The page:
The dispute with the zoo and art institute authorities initially arose as a result of informational letters from Attorneys General Mike Cox in 2009 and Bill Schuette in 2011. These informational letters, which are not official Attorney General Opinions, indicated that the tax increment statutes at issue did not authorize the capture of extra-voted millages adopted and levied after the establishment of a tax increment finance authority. Affected tax increment authorities in Wayne County disagreed with the informational letters and argued that tax increment revenues, even if generated from extra-voted millages approved and levied after adoption of a development plan and tax increment financing plan, are subject to capture unless (1) the affected taxing jurisdiction “opts out” under the applicable statute (e.g., from the district, under the Downtown Development Authority Act, or from a development plan and tax increment financing plan under the Corridor Improvement Authority Act), (2) a tax sharing arrangement for the return of some or all of the captured increment is in effect, or (3) the tax increment statute expressly excludes the millage revenues from the definition of “tax increment revenues.” The Wayne County communities argued that there was no such opt out by or tax sharing agreements with the zoo and art institute authorities, and, as a result, the litigation commenced in circuit court.
Under Public Acts 61, 62, and 66 through 68, amending the Tax Increment Finance Authority Act, Downtown Development Authority Act, Brownfield Redevelopment Act, Local Development Financing Act, and Corridor Improvement Authority Act, the term “tax increment revenues” was amended to expressly exclude:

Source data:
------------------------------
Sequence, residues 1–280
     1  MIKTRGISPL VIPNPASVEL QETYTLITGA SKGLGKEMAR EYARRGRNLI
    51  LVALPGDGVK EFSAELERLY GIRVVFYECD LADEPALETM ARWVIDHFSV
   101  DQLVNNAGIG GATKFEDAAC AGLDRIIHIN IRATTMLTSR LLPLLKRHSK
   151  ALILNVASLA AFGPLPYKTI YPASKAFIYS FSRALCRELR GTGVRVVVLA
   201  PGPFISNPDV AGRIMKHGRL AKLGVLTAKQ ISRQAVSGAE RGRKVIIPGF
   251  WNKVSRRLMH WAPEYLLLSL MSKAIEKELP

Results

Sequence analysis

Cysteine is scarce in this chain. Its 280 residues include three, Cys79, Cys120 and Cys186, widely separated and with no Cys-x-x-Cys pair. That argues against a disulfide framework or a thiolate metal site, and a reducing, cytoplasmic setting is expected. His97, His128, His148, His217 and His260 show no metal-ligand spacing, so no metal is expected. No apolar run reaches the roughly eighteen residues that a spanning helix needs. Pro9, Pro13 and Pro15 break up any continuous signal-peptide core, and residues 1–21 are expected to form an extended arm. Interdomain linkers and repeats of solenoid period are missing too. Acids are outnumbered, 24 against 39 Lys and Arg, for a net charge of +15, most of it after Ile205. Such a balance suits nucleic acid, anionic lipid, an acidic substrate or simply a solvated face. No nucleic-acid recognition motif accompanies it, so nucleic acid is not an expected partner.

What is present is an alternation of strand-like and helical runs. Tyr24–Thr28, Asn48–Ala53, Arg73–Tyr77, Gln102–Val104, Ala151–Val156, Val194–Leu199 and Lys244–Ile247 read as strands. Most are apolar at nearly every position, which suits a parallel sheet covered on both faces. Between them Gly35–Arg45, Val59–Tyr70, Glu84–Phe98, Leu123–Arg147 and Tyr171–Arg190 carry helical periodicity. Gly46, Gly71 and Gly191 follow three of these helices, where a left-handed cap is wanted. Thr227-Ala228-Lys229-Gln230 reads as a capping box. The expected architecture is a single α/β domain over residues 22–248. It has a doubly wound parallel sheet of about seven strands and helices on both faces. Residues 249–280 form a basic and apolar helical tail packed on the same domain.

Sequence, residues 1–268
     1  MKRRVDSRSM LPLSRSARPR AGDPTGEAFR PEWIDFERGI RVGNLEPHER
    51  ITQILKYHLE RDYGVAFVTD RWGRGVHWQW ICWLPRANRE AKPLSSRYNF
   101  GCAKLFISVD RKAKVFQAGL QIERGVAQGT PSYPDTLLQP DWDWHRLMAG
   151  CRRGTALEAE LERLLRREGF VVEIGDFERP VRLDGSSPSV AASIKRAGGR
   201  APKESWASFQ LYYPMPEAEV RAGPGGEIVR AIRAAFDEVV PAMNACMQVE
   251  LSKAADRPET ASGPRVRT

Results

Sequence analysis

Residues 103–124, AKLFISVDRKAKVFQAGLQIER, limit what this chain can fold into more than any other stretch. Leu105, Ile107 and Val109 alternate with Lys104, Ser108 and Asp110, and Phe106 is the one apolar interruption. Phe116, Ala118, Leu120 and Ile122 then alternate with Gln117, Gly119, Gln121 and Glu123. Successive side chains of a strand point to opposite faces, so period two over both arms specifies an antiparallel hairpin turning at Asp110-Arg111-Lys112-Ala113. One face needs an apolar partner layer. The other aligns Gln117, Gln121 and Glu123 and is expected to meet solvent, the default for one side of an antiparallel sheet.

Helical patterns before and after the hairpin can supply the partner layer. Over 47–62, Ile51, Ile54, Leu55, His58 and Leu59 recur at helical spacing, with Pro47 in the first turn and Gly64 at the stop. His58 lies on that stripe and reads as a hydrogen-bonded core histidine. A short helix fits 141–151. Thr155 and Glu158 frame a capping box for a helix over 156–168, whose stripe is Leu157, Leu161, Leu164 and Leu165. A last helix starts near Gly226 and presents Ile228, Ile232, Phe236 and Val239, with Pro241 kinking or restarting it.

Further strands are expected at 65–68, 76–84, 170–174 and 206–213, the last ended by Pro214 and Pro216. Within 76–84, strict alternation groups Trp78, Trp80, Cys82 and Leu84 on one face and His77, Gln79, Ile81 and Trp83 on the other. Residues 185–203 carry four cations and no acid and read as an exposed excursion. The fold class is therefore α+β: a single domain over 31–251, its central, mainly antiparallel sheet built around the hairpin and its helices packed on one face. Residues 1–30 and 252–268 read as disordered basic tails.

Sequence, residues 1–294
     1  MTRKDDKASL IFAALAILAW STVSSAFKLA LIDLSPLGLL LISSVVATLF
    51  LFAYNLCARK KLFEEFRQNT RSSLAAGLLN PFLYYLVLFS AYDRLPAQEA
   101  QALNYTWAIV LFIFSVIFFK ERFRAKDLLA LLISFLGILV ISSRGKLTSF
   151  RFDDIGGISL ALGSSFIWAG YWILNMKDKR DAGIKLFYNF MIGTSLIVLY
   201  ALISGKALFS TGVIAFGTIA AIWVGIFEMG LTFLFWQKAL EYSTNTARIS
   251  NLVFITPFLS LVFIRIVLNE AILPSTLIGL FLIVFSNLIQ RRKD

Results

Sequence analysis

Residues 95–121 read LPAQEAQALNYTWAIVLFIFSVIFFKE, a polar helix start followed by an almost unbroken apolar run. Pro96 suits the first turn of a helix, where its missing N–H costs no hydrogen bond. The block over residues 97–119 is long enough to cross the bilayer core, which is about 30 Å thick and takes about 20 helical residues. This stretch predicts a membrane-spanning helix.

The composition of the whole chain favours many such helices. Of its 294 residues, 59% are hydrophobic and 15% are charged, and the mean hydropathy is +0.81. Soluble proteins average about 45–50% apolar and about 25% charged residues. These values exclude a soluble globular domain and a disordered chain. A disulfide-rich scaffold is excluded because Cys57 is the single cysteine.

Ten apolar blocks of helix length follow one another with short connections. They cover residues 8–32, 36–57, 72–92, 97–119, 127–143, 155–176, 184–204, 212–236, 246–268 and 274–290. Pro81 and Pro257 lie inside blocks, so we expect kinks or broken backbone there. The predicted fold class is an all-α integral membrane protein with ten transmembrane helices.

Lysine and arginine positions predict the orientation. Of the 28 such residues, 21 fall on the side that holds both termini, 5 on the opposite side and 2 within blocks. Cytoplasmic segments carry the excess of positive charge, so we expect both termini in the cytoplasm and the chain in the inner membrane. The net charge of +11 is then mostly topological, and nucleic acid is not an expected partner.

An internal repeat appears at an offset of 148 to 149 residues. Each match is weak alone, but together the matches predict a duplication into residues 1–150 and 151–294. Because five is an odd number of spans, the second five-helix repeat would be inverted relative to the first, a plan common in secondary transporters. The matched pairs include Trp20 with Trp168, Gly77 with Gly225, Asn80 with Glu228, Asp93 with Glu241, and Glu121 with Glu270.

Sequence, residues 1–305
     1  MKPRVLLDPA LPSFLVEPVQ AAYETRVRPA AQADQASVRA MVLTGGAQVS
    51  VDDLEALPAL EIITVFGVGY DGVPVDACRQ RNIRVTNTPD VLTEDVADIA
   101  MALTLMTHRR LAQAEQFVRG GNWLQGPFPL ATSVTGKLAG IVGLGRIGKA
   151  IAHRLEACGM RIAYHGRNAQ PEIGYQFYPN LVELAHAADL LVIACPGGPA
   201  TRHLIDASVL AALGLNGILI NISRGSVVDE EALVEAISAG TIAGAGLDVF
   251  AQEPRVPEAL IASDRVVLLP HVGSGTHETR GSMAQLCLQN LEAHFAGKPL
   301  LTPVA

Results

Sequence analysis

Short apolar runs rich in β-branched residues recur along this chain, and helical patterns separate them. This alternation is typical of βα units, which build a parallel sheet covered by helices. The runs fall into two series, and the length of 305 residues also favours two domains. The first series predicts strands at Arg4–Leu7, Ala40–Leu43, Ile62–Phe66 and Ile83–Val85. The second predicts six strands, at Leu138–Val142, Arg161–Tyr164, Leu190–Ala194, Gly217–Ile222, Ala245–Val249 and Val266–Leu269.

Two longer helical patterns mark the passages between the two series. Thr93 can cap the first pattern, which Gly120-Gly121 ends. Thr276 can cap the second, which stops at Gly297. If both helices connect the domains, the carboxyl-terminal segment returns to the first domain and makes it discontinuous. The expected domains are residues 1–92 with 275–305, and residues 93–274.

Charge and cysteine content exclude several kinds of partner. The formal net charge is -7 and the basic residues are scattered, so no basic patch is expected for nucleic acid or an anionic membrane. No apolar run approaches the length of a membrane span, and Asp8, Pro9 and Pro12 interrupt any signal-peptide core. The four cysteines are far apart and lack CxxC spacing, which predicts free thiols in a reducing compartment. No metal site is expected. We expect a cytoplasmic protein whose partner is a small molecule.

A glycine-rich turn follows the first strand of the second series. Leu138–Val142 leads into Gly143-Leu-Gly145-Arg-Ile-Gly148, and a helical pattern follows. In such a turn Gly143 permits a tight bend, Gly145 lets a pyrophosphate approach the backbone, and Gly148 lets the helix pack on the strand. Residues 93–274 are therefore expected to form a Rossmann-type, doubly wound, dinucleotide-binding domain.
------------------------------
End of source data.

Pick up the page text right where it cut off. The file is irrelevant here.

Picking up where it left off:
ad valorem property taxes levied under one or more of the following or specific local taxes attributable to those ad valorem property taxes:
(I) the Zoological Authorities Act…
(II) the Art Institute Authorities Act.
While the amendments to the tax increment statutes were narrow in their application – affecting only tax increment authorities in southeast Michigan relating to the Detroit Zoo and the DIA, many municipal officials view the amendments as an increased effort by the Legislature to further reduce the effectiveness of tax increment authorities. Tax increment authorities and affected jurisdictions throughout Michigan should be aware that Representative Eileen Kowall, a primary sponsor of Public Act 61 of 2013, and a co-sponsor of all of the amendments to the tax increment statutes mentioned above, is also working on legislation to further curb tax increment capture by tax increment authorities.
Although no specific legislation has been introduced at this time, Representative Kowall is working with representatives of municipal groups and tax increment entities, such as the Michigan Association of Counties and Michigan Downtown Association, on possible amendments to the statutes. Under consideration for inclusion in legislation would be “sunsets” on tax increment capture that would limit the duration of tax increment capture by a tax increment authority and additional “opt out” opportunities for affected taxing jurisdictions so as to permit a taxing jurisdiction to be able to exempt its millage from continued capture by a tax increment authority. Such amendments, if enacted into law, would certainly limit the ability of tax increment authorities to continue to capture revenues to undertake economic development and revitalization projects in Michigan’s downtowns, commercial corridors, and industrial areas, which would most certainly have an impact on job retention and expansion in Michigan’s communities.